Interesting Statistics: A record number of 1108 climbers attempted McKinley with 670 (60%) reaching the summit this season. With superb weather, surprisingly only 17% attempted routes other than the West Buttress. The West Rib was the second busiest with 92 climbers, compared to 923 on the West Buttress. Climbers of 30 nationalities attempted the mountain. From outside the United States were 468 climbers (42%). The breakdown: USA (639), Germany (68), Switzerland (60), Japan (60), Britain (58), Canada (42), France (33), Spain (23), Austria (23), Norway (20), Italy (12), Australia (9), New Zealand (9), Czechoslovakia (6), Iceland (6), Korea (6), Netherlands (5), Sweden (4), Chile (3), India (3), Mexico (3), Nepal (3), Slovenia (3), Bulgaria (2), Ireland (2), Poland (2), Belgium (1), Colombia (1), Finland (1) and Kazakhstan (1). Rescues: Eleven of the 15 climbers (73%) that were rescued were foreigners. Of climbers attempting McKinley, 1.1% required rescue. Medical. 56 (5%) reported symptoms of acute mountain sickness, 44 of which were mild or moderate and 12 of which were high altitude pulmonary or cerebral edema. 19 (2%) reported frostbite, of which 13 were superficial and 6 severe. New Routes and Notable Ascents: The most notable new routes are covered below. A most unusual climb was the ascent of the West Buttress route by a blind woman. American Joan Phelps, a 54-year-old mother, was guided up the mountain by her twin sons, Marty and Michael. The first ever “big three summits” in one season was achieved by Americans Greg Collins and Gary Wilmot. They climbed McKinley’s West Buttress, the southeast ridge of Foraker and the west ridge of Hunter.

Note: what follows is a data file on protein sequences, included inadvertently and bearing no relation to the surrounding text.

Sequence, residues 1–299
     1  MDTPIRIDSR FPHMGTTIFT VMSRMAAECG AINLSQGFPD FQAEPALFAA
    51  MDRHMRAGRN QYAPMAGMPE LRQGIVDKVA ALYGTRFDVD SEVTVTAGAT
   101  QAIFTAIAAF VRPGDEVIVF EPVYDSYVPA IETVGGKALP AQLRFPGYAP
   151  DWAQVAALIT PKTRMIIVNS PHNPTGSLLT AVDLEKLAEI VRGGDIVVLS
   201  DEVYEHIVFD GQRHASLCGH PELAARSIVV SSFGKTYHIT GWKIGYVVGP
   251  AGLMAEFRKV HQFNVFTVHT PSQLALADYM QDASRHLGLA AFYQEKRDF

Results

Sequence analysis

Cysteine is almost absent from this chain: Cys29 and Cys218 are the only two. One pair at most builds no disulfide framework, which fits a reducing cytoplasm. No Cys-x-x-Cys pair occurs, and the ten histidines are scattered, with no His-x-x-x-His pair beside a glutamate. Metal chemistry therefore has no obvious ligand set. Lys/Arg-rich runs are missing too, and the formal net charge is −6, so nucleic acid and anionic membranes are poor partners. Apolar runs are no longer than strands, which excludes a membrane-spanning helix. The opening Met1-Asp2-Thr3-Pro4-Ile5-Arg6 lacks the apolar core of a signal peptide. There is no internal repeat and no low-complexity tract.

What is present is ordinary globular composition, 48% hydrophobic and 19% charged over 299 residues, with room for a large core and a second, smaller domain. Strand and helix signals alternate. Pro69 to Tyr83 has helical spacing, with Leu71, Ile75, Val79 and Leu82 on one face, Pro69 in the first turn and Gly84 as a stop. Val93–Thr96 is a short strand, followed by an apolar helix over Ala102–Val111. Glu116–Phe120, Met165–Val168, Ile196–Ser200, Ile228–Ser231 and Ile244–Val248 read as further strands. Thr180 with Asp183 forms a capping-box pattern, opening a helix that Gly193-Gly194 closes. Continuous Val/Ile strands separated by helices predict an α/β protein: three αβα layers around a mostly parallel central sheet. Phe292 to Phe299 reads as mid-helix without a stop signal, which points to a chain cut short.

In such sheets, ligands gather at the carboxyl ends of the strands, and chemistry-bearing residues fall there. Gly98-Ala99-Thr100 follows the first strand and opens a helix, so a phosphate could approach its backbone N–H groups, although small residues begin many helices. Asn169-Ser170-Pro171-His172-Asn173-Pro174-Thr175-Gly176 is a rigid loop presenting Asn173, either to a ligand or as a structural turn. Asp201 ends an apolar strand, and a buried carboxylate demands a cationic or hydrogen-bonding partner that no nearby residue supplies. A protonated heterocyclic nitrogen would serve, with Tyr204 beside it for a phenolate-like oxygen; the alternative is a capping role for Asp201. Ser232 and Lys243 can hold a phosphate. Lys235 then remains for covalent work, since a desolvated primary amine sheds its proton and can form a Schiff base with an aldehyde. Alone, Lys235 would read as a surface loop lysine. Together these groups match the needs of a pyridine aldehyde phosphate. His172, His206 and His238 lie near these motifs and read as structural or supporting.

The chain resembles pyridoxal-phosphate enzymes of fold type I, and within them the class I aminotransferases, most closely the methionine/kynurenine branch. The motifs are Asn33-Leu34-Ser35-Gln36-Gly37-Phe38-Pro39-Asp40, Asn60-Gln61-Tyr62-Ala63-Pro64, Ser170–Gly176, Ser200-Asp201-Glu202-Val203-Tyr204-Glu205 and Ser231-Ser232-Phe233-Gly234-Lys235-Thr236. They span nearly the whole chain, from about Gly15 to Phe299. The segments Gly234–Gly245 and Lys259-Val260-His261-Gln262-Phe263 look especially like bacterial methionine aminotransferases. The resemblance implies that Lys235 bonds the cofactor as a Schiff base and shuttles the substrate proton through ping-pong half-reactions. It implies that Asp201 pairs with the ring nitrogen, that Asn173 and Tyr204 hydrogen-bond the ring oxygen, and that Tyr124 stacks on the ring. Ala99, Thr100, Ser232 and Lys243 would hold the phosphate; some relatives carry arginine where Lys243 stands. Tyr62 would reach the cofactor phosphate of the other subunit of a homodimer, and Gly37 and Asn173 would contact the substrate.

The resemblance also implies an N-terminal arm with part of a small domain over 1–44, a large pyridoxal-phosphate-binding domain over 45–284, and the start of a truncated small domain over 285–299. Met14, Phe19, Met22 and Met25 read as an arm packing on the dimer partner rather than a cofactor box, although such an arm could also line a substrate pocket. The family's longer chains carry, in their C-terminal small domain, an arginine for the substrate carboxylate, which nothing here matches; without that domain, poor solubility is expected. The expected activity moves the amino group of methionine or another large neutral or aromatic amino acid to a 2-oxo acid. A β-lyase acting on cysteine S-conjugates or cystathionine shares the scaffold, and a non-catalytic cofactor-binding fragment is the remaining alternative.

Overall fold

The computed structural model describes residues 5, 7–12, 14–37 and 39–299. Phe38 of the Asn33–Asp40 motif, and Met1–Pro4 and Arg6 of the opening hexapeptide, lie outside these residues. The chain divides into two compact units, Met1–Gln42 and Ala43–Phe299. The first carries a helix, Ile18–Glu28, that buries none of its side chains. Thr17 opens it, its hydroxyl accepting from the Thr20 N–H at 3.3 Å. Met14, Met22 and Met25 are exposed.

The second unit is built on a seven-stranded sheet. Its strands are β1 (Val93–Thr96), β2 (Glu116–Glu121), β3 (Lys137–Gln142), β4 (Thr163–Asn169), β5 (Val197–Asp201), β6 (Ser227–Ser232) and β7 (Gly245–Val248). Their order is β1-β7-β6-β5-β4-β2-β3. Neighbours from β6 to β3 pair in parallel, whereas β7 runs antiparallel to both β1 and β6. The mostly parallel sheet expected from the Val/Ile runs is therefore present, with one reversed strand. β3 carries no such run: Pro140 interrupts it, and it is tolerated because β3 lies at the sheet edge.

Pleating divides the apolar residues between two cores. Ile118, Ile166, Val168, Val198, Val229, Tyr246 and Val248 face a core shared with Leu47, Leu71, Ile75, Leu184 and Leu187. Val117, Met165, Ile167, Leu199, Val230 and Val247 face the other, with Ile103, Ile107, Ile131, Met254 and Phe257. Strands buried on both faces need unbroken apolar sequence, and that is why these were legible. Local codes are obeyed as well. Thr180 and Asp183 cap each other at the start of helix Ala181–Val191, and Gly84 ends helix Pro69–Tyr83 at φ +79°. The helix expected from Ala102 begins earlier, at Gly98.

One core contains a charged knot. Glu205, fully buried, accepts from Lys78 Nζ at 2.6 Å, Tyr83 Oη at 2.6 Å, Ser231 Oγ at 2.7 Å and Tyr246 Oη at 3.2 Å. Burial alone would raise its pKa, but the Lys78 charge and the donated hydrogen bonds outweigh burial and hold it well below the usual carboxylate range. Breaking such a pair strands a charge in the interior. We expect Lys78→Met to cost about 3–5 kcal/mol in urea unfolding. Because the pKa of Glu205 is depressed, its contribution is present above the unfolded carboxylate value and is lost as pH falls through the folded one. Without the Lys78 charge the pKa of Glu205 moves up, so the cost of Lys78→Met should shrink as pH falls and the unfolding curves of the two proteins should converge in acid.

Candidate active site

Accidents: The Park Service conducted 13 major rescues and evacuated 15 persons by helicopter. There was one fatal accident. Frostbite, Helicopter Evacuation: On April 26, David Peel, P.J. Edwards and James Gallagher of a British Army expedition on the Archangel Ridge of Foraker encountered on the ascent sub-zero temperatures and high winds. Peel and Edwards sustained moderate frostbite and Gallagher sustained minor frostbite at a high camp. They abandoned their high camps and descended. On April 28, they decided a rescue was needed. The five uninjured climbers began a 50-mile hike to Wonder Lake to seek help. On May 3, the three made an emergency radio call to a passing military aircraft, requesting a rescue. Late that day, the National Park Service Lama helicopter evacuated them from the Foraker Glacier. HAPE, Helicopter Evacuation: On May 18, Sergeant Michael Dunn of a U.S. Navy, Marine expedition became extremely ill with high altitude pulmonary edema at 14,200 feet on the West Buttress. He had ascended at a fast rate, arriving there on his fourth day on the mountain. He was stabilized at the National Park Service Camp. Because of the need for rapid descent and the risk of a ground evacuation, he was evacuated by the NPS helicopter on May 19. Acute Dehydration, AMS, Helicopter Evacuation. On May 20, Sergeant Anthony Braithwaite of the same expedition collapsed from dehydration, exhaustion and acute mountain sickness near Windy Corner at 13,300 feet. He had been suffering from acute mountain sickness and severe diarrhea for at least the previous 48 hours, but his expedition continued to climb higher. A Mountain Trip guided expedition found him unconscious shortly after he collapsed. After administering emergency medical care, they lowered him to a helicopter landing zone and called for a rescue. NPS volunteers arrived to assist. The NPS helicopter evacuated Braithwaite to the Kahiltna Base Camp. An Alaska Air National Guard Pavehawk helicopter transported him to Anchorage. Fall with Injuries, Helicopter Evacuation: On May 25, American Don Cook was descending a steep section of ridge at 16,700 feet on the West Buttress in poor weather, with poor visibility and unstable snow. He and his team were weak from their summit climb the previous day. Cook lost his footing and fell when unstable snow broke beneath his feet. He was unable to self-arrest. After falling 40 feet, he stopped, hitting rocks and sustaining injuries to the chest. Physicians suspected rib fractures. Because of pain, the possibility of further chest injury and the patient’s age (62), he was evacuated to Kahiltna Base Camp by NPS helicopter and was flown by fixed-wing aircraft from the mountain. Fatal Fall: On May 30, American Charles Cearly, was descending the Orient Express on the upper part of the West Rib route unroped and not using an ice axe but only a ski pole. At 19,200 feet, the party stopped to rope. As he stopped, Cearly lost his footing and began sliding. Unable to stop himself without an ice axe, he fell 3000 feet to his death from multiple traumatic injuries. HAPE, HACE, Helicopter Evacuation: On June 7, Austrian Eder Ewald, developed severe high altitude pulmonary and cerebral edema on the West Buttress route. He had descended from 16,200 to 14,200 feet on June 6 after becoming ill with acute mountain sickness, but his condition deteriorated to a life-threatening state in the night. He received emergency medical care from NPS rangers and volunteers at the NPS 14,200-foot camp. A helicopter evacuation was delayed until late on June 7 due to poor weather. HAPE, Hypothermia, Helicopter Evacuation: On June 6, Japanese Yamashita Sunao became sick and disoriented while attempting to climb to the summit on the West Buttress route. He descended to 14,200 feet with the help of other climbers and a NPS mountaineering patrol on June 7. Sunao was treated for high altitude pulmonary edema and hypothermia and evacuated by the NPS Lama helicopter in conjuction with the evacuation of Austrian Ewald. Frostbite, Helicopter Evacuation: On June 8, German Juliane Manelshajen developed moderate frostbite on both her feet while trying to climb to the summit on the West Buttress route. Despite being advised to descend and seek care for her injury, she stayed at camp at 17,200 feet while her companions made another summit attempt. On June 10, she was examined at the NPS 14,200-foot camp. Because of the extent of frostbite and the potential for severe tissue damage if she attempted to descend on her own, she was evacuated by helicopter. HAPE, Helicopter Evacuation: On June 10, Japanese Shojiru Tazawa fell ill with high altitude pulmonary edema on the West Buttress. He received medical care at the 14.200-foot camp. Helped by NPS volunteers, he and his expedition descended to the 11,200-foot camp, where they hoped Tazawa would recover. On June 12, his condition seriously deteriorated. When NPS volunteers returned, they found him to be in a life-threatening condition and called for an immediate air evacuation. Internal Bleeding, Helicopter Evacuation: On June 16, Japanese Akira Sakaguchi was evacuated from the 14,200-foot camp after he was diagnosed with a possible life-threatening gastrointestinal bleeding. AMS, Pulmonary Embolism, Helicopter Evacuation: On June 15, Nepalese Shyam Blon began to suffer from high altitude mountain sickness near the summit of McKinley. Blon and his expedition returned to their high camp at 17,200 feet. On June 16, Blon coughed up blood and descended immediately to the 14.200-foot camp where he was examined by a physician and diagnosed with pulmonary embolism. He was evacuated by the NPS Lama helicopter. Avalanche, Multiple Injuries, Helicopter Evacuation: On June 16, Mexican Berta Ramírez was hit by an avalanche while climbing in the lower couloir of the West Rib route. She was swept to the bottom of the couloir and partially buried. Although unresponsive when her partners dug her out, they revived her. She suffered injuries to her face and upper extremities. The team was able to contact an aircraft in the area, which notified the NPS Lama helicopter en route to evacuate Blon. The Lama landed at the base of the couloir and evacuated her in conjunction with the rescue already in progress. HACE, Rescue, Helicopter Evacuation: On June 27, Czech Lubomir Tesar was rescued at 17,200 feet on the West Buttress. He and his three companions had ascended rapidly to their 17,200-foot camp in only six days, where Tesar contracted high altitude cerebral edema. He was lowered in a litter down the Rescue Gully by Mountain Trip guides, Tesar’s partners, NPS volunteers and a park ranger. Attempts to stabilize him were undertaken for 16 hours at 14,200 feet. Since no significant improvement was shown, he was air evacuated by helicopter on June 28. There were a number of other injuries, medical problems and altitude-related problems. Thirty-eight climbers were treated at the NPS first aid/rescue camp at 14,200 feet and then descended without help from the Park Service. Others performed their own self-rescues.